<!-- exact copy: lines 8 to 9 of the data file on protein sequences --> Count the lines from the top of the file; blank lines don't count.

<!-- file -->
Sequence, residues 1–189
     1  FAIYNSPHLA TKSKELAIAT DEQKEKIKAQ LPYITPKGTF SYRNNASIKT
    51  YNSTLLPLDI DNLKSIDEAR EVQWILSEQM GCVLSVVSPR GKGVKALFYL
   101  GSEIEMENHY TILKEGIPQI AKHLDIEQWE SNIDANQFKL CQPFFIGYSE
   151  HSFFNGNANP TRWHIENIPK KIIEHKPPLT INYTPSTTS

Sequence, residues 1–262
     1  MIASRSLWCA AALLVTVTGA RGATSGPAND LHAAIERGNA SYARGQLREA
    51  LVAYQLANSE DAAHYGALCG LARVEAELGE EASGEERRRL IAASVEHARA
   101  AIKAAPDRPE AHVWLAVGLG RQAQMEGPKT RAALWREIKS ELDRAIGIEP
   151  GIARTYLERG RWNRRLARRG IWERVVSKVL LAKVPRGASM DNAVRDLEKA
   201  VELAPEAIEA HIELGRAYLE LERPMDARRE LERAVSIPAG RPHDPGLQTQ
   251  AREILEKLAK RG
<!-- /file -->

    51  LVAYQLANSE DAAHYGALCG LARVEAELGE EASGEERRRL IAASVEHARA
   101  AIKAAPDRPE AHVWLAVGLG RQAQMEGPKT RAALWREIKS ELDRAIGIEP